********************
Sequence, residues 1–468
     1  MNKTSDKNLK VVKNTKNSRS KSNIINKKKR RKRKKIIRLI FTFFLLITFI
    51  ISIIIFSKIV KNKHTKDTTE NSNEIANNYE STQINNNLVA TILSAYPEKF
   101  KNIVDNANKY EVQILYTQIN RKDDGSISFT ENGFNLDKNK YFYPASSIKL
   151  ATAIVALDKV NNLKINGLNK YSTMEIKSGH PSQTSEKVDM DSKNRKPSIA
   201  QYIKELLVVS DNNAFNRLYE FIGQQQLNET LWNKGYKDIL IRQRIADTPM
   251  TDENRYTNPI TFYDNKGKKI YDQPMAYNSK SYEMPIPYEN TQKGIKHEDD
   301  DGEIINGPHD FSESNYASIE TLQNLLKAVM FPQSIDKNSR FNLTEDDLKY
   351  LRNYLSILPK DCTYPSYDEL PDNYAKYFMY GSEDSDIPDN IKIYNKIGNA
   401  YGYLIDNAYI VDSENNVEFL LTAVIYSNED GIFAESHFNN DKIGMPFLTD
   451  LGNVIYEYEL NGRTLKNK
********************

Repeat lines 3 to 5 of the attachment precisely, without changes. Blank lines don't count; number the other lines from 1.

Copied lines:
    51  ISIIIFSKIV KNKHTKDTTE NSNEIANNYE STQINNNLVA TILSAYPEKF
   101  KNIVDNANKY EVQILYTQIN RKDDGSISFT ENGFNLDKNK YFYPASSIKL
   151  ATAIVALDKV NNLKINGLNK YSTMEIKSGH PSQTSEKVDM DSKNRKPSIA